TOPEKA — Gov. Jeff Colyer signed into law a bill unanimously passed by the Legislature that paid tribute to a woman killed in a traffic accident by elevating Kansas’ criminal sanction against repeat drunken drivers.

Parents of Caitlin Vogel joined the governor Friday at the Capitol for a ceremony recognizing passage of House Bill 2439, also known as “Caitlin’s Law.” In 2016, Vogel, a Stilwell resident, was killed in Johnson County in a wreck caused by a man with a lengthy record of DUI offenses.

“We are so honored to have our daughter’s name attached to this bill,” Patti and Kevin Vogel said in a statement. “Caitlin’s Law will hold accountable the repeat offenders who have a blatant disregard for the restrictions placed on them for the privilege to continue to drive.”

Under the new law, sentences would be extended for conviction of aggravated involuntary manslaughter and aggravated battery in cases tied to death or serious injury resulting from crashes caused by someone previously convicted of a DUI or driving despite a suspended or revoked license.

The minimum sentence for aggravated battery related to a DUI crash will rise from the current 38 months to a new benchmark of 47 months. In addition, the minimum penalty for involuntary manslaughter under these circumstances goes from 62 months to 89 months.

Colyer signed the legislation on what would have been Vogel’s 26th birthday.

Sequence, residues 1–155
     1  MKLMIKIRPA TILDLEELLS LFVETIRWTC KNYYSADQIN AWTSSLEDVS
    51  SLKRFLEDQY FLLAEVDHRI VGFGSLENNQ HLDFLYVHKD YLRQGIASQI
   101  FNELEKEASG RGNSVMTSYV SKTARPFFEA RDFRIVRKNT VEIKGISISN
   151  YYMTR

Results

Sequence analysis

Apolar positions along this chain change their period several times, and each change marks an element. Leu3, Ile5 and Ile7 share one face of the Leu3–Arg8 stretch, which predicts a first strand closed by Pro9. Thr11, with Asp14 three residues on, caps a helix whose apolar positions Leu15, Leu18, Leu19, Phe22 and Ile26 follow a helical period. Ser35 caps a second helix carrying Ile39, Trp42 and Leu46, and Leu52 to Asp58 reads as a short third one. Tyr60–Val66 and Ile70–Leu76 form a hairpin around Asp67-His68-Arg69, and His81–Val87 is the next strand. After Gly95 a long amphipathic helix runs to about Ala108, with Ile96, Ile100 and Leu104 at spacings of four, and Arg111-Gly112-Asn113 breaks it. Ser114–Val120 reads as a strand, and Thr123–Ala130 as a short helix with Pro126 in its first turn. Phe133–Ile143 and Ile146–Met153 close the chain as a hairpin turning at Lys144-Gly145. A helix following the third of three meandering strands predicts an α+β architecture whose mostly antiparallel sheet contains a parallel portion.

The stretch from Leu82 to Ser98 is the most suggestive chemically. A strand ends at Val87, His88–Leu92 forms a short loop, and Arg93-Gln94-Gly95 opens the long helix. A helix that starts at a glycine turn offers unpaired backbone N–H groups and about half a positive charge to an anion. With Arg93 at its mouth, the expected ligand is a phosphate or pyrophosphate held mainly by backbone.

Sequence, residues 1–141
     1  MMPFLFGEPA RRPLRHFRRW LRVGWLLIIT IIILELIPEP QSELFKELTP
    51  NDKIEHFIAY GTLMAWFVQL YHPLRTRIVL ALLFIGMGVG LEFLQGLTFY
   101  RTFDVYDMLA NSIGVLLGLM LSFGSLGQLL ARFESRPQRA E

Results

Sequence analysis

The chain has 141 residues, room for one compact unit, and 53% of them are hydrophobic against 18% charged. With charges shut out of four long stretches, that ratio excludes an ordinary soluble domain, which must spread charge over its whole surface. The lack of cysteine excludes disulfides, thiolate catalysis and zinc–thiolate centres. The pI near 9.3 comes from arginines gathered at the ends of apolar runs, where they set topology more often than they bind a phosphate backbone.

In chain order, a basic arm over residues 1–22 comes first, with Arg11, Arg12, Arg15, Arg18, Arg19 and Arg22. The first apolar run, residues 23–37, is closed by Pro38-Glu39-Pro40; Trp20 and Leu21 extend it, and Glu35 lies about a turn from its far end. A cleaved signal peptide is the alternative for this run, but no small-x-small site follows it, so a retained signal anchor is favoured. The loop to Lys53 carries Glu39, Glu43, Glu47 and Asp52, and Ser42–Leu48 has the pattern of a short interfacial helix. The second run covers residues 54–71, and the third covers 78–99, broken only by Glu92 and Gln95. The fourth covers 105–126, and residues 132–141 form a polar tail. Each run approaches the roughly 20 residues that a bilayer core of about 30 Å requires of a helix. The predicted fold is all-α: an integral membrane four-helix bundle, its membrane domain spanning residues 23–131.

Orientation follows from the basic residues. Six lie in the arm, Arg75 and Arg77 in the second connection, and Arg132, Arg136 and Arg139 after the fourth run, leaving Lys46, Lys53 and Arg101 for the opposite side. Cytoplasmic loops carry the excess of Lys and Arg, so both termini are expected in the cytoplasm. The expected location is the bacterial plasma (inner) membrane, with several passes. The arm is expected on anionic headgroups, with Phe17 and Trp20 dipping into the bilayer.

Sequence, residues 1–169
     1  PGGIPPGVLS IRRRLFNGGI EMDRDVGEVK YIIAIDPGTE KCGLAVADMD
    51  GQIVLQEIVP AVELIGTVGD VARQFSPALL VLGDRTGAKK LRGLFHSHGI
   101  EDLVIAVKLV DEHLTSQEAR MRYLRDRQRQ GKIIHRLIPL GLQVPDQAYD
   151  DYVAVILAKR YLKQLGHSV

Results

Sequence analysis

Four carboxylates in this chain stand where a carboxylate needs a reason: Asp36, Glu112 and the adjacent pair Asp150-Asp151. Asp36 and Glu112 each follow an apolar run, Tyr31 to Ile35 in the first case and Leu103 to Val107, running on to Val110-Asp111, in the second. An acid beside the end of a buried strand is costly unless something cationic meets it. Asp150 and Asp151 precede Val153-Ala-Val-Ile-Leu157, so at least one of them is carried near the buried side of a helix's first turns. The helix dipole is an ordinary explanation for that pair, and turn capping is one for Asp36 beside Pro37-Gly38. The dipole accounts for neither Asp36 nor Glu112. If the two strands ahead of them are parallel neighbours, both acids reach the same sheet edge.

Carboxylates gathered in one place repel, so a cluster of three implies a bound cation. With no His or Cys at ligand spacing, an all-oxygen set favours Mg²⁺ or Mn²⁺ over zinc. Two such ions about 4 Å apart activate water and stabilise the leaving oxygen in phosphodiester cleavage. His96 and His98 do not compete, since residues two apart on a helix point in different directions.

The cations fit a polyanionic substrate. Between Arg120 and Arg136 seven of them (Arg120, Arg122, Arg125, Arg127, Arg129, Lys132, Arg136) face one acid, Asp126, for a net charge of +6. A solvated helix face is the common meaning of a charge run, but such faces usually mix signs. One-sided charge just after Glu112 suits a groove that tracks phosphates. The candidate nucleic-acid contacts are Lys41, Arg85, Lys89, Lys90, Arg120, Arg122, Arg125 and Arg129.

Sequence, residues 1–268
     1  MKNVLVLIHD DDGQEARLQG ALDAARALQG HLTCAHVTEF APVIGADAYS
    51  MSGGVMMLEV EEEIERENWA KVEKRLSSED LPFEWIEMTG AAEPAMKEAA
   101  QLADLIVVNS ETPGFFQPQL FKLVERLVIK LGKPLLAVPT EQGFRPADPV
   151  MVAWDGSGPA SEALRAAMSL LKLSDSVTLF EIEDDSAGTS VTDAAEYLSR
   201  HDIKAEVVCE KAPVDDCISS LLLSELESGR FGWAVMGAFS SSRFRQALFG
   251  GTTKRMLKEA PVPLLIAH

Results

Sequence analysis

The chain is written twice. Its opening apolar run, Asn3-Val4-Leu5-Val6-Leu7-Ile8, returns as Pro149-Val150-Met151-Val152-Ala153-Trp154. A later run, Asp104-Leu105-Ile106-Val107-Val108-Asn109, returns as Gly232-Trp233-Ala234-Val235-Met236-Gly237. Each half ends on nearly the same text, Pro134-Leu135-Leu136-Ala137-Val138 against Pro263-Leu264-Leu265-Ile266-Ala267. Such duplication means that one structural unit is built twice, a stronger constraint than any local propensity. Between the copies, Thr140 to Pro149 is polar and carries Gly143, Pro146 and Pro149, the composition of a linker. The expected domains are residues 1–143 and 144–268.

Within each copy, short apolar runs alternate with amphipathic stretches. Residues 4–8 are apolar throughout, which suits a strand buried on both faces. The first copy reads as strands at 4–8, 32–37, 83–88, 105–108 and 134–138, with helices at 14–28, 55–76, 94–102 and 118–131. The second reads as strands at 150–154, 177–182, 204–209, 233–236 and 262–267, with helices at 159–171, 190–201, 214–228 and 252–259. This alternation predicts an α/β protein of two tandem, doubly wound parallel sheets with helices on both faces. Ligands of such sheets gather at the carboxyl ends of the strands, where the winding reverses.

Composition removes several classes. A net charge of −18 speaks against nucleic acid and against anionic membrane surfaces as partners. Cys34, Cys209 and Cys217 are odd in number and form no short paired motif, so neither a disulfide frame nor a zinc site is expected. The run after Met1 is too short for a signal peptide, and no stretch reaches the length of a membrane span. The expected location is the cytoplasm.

“What happened to Caitlin was a terrible but preventable tragedy, and we must do whatever we can as a government to try and prevent such deaths from happening in the future,” the governor said.

Blair Gordon, Vogel’s former soccer coach and friend, helped initiate discussion of changing Kansas DUI law.

“Nothing can be done to bring her back, but knowing that others might not have to endure the pain of the loss of a friend or family member at the hands of a senseless DUI accident offers those of us close to Caitlin some measure of closure,” Gordon said.

Vogel’s vehicle was broadsided by two-time drunken driving offender James McAllister, who had borrowed a vehicle not fitted with an alcohol breath testing device. He entered a guilty plea to involuntary manslaughter in 2017 and was sentenced to 108 months in prison.